I have been thinking about space and volume, how we our design processes idealize them, and how seldom that ideal is actually experienced. When we do happen upon a great space – interior or exterior, designed or natural – we slow down, remark upon it, note how it works and go quiet. The Pantheon, the Turbine Hall at the Tate Modern, any Palladian rotunda, The Mall in Washington DC, The Rainier vista on a clear day, the great Mosque in Cordoba, the landscape of stupa at the top of Borobudur are memorable due to their perfection, each in its own way. They are also empty…of stuff. Could this be why they stand out?
Our rooms are filled with stuff, our streets and plazas with furnishings and sculpture, our days with a continuous chatter of sound, sights and activity. Very little of it is in concert. I wonder if that has always been the case, or if it is a recent phenomenon – do we continue to teach and use once-legitimate design strategies that are doomed to compromise? Or perhaps it has always been thus, and our design ideals have simply been a method used to forge order amidst chaos, to make the built world decipherable. Studio culture is removed, abstract, controlled, cool.bouncy castle sales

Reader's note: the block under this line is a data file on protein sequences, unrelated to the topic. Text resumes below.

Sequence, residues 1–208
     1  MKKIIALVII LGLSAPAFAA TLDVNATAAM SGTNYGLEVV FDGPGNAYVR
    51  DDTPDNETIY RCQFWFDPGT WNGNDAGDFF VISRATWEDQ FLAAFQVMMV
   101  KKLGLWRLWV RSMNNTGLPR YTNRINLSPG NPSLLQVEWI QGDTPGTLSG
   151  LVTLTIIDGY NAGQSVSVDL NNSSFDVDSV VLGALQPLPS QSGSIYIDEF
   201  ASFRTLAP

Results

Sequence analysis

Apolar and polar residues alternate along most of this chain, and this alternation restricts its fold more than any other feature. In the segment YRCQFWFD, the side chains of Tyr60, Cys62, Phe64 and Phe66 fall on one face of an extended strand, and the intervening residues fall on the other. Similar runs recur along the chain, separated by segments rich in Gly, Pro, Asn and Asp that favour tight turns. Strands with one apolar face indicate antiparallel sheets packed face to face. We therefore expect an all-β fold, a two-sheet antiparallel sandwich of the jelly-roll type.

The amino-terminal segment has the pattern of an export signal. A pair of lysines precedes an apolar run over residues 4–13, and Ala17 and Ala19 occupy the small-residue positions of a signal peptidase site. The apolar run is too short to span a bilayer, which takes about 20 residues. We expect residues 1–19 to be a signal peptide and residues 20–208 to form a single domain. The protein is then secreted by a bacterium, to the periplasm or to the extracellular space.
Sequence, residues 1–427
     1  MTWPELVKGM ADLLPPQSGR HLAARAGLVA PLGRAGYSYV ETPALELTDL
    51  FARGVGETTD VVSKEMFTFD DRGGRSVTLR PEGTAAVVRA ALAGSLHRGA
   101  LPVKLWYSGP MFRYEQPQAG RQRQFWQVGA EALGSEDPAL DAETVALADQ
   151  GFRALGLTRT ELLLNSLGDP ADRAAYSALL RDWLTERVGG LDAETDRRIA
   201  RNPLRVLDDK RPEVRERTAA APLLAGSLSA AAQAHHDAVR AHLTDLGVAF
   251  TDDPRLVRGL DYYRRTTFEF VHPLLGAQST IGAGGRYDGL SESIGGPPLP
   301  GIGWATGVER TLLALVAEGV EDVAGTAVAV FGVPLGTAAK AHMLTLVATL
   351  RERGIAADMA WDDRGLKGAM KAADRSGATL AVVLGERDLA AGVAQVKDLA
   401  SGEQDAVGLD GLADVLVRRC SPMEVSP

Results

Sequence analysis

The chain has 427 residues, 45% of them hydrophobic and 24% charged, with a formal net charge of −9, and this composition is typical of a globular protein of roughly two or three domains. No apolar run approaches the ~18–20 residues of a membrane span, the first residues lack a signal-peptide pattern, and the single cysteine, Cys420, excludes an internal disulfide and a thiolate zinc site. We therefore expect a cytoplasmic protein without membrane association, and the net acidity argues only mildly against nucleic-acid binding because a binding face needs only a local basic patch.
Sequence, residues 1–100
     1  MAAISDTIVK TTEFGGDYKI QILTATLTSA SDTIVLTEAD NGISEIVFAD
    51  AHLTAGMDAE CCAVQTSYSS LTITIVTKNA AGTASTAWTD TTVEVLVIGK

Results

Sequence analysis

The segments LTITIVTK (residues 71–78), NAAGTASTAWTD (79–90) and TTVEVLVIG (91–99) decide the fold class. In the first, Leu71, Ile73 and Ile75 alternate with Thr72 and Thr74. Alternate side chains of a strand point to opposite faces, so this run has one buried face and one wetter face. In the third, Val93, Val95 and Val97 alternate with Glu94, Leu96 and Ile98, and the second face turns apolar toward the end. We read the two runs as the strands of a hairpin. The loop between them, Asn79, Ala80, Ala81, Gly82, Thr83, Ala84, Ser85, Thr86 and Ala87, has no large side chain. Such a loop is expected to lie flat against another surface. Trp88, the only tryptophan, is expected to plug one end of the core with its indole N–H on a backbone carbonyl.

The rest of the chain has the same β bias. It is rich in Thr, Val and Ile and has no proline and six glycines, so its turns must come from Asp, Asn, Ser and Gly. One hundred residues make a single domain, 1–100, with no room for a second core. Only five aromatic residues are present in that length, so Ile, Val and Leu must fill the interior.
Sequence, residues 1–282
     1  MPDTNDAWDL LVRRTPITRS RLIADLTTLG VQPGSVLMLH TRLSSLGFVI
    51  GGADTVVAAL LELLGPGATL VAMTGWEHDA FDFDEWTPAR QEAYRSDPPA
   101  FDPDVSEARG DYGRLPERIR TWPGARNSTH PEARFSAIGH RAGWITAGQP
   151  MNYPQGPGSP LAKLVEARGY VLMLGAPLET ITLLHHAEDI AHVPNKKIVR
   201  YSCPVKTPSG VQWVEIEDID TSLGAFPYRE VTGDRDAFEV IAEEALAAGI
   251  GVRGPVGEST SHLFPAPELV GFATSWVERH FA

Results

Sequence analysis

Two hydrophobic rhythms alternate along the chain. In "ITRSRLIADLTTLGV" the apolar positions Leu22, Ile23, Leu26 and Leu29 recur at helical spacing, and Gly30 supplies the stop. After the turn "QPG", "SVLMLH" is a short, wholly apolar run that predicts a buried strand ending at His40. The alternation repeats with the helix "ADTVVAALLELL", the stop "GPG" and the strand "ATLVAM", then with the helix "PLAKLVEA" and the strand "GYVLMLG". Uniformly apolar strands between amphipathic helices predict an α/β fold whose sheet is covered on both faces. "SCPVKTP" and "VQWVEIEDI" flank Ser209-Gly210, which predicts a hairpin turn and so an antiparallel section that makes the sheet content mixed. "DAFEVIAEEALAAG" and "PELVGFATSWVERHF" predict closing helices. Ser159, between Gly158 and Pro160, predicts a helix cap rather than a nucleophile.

My mother recently moved, which brought these thoughts to the forefront. She had been living in my old farmhouse in Vermont, and as she emptied the house the rooms became volumes of ordered space. I know the place will need furniture, but I am tempted to leave it empty. Who doesn’t know that pleasure – of entering a new apartment before the boxes arrive and again,when moving out, the sweet melancholy when the boxes are gone, and you linger. It is lovely to walk through unencumbered rooms, and in Vermont my appreciation of the exterior views – the distant hills and fog rolling through the river valley is heightened through the experience of open interior space, and volume. A carefully considered room is a marvelous foil for the brain.